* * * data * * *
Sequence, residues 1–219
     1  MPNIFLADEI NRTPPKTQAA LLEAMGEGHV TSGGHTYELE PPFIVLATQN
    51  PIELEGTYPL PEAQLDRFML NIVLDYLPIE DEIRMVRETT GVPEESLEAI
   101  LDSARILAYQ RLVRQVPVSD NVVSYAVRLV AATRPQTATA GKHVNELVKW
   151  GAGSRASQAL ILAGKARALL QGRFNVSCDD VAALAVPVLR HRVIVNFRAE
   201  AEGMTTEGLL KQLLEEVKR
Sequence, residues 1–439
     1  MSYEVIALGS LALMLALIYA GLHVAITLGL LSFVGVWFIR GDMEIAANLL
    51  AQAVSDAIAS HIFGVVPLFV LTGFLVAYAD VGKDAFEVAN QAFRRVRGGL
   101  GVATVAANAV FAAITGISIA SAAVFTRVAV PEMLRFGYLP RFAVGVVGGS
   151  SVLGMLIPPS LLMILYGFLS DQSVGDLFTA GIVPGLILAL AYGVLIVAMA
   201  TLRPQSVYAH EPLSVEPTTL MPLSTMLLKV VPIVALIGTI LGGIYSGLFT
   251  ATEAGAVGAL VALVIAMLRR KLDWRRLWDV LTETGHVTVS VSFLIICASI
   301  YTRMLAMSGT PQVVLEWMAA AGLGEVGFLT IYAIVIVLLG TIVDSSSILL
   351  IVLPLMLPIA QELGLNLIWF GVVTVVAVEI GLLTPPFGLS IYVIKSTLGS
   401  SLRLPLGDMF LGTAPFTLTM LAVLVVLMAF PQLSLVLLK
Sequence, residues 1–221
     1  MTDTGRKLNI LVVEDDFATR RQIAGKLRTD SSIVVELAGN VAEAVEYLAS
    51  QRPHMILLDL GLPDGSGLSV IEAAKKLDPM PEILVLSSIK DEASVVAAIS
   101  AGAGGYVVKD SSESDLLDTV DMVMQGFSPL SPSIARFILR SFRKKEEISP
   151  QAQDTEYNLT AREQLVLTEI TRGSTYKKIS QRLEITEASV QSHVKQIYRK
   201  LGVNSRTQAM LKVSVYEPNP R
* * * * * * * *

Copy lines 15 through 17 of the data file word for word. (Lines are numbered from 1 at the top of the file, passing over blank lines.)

   351  IVLPLMLPIA QELGLNLIWF GVVTVVAVEI GLLTPPFGLS IYVIKSTLGS
   401  SLRLPLGDMF LGTAPFTLTM LAVLVVLMAF PQLSLVLLK
Sequence, residues 1–221